Counting gives insight into one of the basic theorems of algebra. A binomial is a sum of two terms, such as $$a + b$$. Now consider its 4th power, $$(a + b)^4$$.

By repeatedly using distributivity of products over sums to multiply out this 4th power expression completely, we get

\begin{aligned} (a+b)^4 = &\quad aaaa + aaab + aaba + aabb \\ &+ abaa + abab + abba + abbb \\ &+ baaa + baab + baba + babb \\ &+ bbaa + bbab + bbba + bbbb \end{aligned}

Notice that there is one term for every sequence of $$a$$’s and $$b$$’s. So there are $$2^4$$ terms, and the number of terms with $$k$$ copies of $$b$$ and $$n-k$$ copies of $$a$$ is:

$\nonumber \dfrac{n!}{k! (n-k)!} = {n \choose k}$

by the Bookkeeper Rule. Hence, the coefficient of $$a^{n-k}b^k$$ is $$n \choose k$$. So for $$n = 4$$, this means:

$\nonumber (a+b)^4 = {4 \choose 0} \cdot a^4b^0 + {4 \choose 1} \cdot a^3b^1 + {4 \choose 2} \cdot a^2b^2 + {4 \choose 3} \cdot a^1b^3 + {4 \choose 4} \cdot a^0b^4$

In general, this reasoning gives the Binomial Theorem:

Theorem $$\PageIndex{4}$$

(Binomial Theorem). For all $$n \in \mathbb{N}$$ and $$a, b \in \mathbb{R}$$:

$\nonumber (a+b)^4 = \sum_{k = 0}^{n} {n \choose k} a^{n-k}b^k$

The Binomial Theorem explains why the $$n$$ choose $$k$$ number is called a binomial coefficient.

This reasoning about binomials extends nicely to multinomials, which are sums of two or more terms. For example, suppose we wanted the coefficient of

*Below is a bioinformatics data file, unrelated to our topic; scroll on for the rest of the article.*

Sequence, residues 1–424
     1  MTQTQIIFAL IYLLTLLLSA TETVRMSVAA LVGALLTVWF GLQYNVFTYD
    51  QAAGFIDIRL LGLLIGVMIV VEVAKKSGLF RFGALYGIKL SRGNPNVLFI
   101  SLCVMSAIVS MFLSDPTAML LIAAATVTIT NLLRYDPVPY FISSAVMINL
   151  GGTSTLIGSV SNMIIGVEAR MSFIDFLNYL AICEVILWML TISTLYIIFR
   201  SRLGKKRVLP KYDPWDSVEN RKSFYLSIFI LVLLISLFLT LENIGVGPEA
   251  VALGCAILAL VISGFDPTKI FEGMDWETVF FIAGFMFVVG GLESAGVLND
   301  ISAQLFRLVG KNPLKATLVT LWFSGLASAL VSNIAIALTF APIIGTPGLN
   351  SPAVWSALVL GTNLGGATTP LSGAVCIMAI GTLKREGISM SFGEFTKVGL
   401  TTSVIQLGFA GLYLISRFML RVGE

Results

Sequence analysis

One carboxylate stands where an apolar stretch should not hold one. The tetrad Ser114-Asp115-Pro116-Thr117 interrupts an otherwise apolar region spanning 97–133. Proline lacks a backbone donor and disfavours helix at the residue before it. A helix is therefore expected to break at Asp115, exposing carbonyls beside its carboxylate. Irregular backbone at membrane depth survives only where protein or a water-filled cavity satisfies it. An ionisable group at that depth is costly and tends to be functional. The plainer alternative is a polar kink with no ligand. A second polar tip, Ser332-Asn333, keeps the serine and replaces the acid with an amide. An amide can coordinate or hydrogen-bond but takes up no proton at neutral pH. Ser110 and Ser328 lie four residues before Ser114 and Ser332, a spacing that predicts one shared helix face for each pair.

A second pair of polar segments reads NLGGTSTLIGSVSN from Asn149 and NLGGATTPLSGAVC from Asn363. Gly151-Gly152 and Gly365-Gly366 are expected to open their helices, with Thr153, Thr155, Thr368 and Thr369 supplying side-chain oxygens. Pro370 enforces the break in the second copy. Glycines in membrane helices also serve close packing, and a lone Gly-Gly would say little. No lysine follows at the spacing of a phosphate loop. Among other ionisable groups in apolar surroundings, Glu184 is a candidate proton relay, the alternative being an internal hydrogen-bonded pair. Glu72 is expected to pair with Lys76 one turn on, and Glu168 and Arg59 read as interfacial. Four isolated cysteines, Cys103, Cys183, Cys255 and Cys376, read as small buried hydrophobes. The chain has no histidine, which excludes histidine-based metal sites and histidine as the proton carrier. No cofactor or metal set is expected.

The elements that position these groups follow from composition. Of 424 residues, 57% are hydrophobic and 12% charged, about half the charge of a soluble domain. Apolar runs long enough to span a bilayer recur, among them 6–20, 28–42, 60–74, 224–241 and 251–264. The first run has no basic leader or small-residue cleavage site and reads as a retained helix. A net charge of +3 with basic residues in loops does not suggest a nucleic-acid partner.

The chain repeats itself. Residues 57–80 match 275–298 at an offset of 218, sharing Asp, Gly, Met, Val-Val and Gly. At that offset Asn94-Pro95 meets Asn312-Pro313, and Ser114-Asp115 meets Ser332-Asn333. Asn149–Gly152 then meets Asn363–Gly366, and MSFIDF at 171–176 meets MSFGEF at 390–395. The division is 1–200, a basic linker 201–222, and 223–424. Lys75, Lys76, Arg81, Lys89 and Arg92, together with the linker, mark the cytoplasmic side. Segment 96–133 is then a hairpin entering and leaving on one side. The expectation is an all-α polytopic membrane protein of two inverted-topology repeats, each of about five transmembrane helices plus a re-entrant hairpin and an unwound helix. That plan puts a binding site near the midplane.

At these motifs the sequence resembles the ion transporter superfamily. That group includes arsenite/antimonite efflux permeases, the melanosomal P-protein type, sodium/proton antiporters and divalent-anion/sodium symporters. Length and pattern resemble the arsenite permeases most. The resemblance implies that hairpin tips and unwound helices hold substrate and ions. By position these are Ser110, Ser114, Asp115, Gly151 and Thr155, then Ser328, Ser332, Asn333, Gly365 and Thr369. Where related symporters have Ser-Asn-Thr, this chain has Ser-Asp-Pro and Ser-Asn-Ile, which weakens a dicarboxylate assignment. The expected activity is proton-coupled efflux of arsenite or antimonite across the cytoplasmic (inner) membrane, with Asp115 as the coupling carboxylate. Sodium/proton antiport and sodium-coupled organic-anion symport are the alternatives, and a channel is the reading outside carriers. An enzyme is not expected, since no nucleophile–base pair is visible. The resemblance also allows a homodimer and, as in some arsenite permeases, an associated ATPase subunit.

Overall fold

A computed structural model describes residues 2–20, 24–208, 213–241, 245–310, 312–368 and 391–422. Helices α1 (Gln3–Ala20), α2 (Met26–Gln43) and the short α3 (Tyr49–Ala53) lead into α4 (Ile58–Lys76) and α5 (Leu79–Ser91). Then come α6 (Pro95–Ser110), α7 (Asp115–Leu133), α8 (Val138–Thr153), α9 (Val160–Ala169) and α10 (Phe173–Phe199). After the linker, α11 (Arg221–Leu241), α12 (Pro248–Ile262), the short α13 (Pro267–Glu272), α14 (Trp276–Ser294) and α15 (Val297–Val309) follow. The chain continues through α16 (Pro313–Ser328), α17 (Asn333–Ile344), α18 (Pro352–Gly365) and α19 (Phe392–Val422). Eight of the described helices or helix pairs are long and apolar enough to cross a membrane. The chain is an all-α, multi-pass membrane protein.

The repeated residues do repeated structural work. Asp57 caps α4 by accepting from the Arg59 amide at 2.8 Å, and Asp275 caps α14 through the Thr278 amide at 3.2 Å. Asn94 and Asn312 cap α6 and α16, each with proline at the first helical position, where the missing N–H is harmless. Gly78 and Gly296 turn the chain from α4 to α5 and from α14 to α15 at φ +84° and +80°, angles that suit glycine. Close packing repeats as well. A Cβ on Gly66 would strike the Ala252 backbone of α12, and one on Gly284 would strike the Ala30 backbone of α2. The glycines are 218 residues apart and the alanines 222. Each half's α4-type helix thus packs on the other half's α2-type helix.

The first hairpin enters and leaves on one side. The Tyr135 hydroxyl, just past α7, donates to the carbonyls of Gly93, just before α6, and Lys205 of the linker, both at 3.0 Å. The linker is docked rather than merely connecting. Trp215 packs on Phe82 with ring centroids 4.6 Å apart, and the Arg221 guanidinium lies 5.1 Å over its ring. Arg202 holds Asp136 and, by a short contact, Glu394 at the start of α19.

$\nonumber no^2k^2e^3pr$

in the expansion of $$(b+o+k+e+p+r)^{10}$$. Each term in this expansion is a product of 10 variables where each variable is one of $$b, o, k, e, p,$$ or $$r$$. Now, the coefficient of $$bo^2k^2e^3pr$$ is the number of those terms with exactly 1 $$b$$, 2 $$o$$’s, 2 $$k$$’s, 3 $$e$$’s, 1 $$p$$, and 1 $$r$$. And the number of such terms is precisely the number of rearrangements of the word BOOKKEEPER:

$\nonumber {10 \choose 1,2,2,3,1,1} = \dfrac{10!}{1!2!2!3!1!1!}$

This reasoning extends to a general theorem:

Theorem $$\PageIndex{5}$$

(Multinomial Theorem). For all $$n \in \mathbb{N}$$,

$\nonumber (z_1 + z_2 + \cdots + z_m)^n = \sum_{k1, \ldots, k_m \in \mathbb{N} \\ k_1 + \cdots + k_m = m} {n \choose k_1, k_2, \ldots, k_m} z_1^{k_1} z_2^{k_2} \cdots z_m^{k_m}.$

This page titled 14.6: Sequences with Repetitions is shared under a CC BY-NC-SA license and was authored, remixed, and/or curated by Eric Lehman, F. Thomson Leighton, & Alberty R. Meyer (MIT OpenCourseWare) .